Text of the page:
New data revealed on Thursday that UK service sector activity contracted in September, with companies the least optimistic about future growth of activity since after the Brexit referendum in 2016.
The UK is facing a “heightened risk of recession,” said the Chief Business Economist at IHS Markit.
The IHS Markit/CIPS UK Services PMI Business Activity Index dropped to 49.5 in September, down from 50.6 recorded in August.
According to the data, jobs at service sector companies were cut for the first time in five months, occurring at the fastest rate in nine years.
The survey also shows that international clients switched business to other markets following the prevailing worries surrounding a no-deal departure from the European Union.
“At current levels the surveys point to GDP falling by 0.1% in the third quarter which, coming on the heels of a decline in the second quarter, would mean the UK is facing a heightened risk of recession,” Chris Williamson, Chief Business Economist at IHS Markit, said.
“Brexit-related concerns dominated the September survey responses, linked by companies to falling sales, cancelled and postponed projects, a lack of investment and job losses,” Chris Williamson continued.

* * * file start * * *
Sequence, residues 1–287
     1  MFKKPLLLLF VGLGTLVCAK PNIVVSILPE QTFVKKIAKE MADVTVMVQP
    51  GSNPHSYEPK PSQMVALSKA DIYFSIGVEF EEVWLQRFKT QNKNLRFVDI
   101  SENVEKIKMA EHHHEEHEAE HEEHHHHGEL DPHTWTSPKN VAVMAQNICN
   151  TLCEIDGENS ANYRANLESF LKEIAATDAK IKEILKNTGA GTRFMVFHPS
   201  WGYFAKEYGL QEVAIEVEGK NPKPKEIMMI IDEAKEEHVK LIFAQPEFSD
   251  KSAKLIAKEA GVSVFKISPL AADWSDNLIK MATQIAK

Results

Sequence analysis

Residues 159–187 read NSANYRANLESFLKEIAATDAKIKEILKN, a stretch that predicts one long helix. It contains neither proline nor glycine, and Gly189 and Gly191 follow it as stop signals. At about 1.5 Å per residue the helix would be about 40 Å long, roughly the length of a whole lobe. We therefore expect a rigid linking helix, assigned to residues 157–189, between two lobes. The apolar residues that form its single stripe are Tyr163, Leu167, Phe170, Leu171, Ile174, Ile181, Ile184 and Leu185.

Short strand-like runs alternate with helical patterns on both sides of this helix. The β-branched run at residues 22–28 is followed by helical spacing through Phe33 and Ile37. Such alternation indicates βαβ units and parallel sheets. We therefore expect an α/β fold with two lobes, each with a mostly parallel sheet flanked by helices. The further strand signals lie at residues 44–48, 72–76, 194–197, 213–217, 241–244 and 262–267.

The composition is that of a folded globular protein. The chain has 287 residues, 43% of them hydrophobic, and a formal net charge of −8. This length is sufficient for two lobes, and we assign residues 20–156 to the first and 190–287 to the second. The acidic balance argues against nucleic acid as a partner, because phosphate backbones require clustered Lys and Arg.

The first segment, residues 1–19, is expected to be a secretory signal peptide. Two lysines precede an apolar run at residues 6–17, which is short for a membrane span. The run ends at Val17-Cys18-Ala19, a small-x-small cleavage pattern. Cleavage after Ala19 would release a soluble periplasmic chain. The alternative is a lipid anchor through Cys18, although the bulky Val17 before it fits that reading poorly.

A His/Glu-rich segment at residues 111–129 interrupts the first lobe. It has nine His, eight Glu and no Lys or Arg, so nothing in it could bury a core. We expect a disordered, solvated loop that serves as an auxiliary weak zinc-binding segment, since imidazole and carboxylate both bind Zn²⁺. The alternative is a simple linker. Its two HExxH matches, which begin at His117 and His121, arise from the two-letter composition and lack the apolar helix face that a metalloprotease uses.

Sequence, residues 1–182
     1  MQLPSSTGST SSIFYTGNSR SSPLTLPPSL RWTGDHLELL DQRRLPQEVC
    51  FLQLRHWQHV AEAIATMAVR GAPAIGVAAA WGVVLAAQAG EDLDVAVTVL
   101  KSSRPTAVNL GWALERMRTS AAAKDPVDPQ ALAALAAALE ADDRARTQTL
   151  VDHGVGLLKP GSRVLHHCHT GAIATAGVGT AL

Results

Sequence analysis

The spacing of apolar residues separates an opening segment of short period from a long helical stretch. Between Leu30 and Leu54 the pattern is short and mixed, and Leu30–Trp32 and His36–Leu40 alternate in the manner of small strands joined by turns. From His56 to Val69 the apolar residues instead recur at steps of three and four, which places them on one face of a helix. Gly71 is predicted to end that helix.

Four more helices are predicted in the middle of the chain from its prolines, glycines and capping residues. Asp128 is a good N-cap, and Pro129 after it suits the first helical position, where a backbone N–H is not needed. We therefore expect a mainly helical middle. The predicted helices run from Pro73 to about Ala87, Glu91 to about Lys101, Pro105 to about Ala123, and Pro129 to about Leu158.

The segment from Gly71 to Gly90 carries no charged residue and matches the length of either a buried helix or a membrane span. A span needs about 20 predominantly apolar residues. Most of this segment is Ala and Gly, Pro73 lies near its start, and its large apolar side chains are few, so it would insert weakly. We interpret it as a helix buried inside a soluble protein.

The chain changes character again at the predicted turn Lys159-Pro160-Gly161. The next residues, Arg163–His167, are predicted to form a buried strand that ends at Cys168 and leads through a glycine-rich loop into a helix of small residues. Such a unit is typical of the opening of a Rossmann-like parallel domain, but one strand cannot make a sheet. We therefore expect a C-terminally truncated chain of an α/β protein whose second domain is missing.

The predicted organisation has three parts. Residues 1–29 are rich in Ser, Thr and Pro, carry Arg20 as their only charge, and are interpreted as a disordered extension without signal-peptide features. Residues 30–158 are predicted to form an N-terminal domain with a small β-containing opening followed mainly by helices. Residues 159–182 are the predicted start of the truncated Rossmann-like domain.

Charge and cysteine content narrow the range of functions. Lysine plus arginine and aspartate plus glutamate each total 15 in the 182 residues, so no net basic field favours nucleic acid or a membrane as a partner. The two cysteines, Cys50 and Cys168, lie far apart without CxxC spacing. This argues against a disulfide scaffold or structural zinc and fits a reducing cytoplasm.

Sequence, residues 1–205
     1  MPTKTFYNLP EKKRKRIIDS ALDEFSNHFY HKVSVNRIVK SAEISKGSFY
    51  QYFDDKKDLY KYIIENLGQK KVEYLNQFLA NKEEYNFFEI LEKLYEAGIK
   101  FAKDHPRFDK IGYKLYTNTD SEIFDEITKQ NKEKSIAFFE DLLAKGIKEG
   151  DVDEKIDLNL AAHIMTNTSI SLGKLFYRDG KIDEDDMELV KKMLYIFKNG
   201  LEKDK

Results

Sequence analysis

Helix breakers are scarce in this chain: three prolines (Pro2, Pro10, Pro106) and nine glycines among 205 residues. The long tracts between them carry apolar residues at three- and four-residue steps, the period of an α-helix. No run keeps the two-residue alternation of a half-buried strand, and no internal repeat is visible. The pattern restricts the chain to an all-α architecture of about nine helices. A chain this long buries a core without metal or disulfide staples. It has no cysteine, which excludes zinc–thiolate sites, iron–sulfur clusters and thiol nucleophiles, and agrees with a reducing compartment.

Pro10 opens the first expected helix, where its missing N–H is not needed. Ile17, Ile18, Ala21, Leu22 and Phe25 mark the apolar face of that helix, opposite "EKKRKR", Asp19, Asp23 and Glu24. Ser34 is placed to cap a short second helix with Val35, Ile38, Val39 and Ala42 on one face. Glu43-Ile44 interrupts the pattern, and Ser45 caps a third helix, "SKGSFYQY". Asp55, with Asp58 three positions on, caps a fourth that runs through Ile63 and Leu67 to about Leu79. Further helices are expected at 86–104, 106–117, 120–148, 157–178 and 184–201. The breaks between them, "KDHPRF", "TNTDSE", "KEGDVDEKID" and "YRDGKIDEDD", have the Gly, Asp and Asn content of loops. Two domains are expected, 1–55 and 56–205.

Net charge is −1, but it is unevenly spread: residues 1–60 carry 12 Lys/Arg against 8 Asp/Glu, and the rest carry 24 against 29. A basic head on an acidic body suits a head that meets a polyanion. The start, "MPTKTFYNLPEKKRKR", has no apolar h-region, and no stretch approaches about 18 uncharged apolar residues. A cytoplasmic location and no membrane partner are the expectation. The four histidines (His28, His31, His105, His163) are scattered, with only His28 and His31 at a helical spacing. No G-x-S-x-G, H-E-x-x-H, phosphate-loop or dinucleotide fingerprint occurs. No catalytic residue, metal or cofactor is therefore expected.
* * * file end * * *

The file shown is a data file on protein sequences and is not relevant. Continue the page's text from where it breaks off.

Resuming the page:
Duncan Brock, Group Director at the Chartered Institute of Procurement & Supply, said “an exhausted sector’s optimism faded away to July 2016 levels and new export orders fell at their fastest rate since March.”
“Some respondents mentioned overseas customers were putting spending decisions on hold or choosing other European suppliers instead. In this last month before the Brexit deadline, there is little time or vision for a major turnaround in fortunes before the end of the year,” Duncan Brock added.
Indeed, with the Brexit deadline fast approaching, uncertainty prevails over the nation’s future.
Just last week the Supreme Court ruled that Boris Johnson’s prorogation of Parliament was not only unlawful but also ineffective and non-existent.
The Prime Minister is now setting out his proposals for a Brexit deal in Parliament, according to the BBC.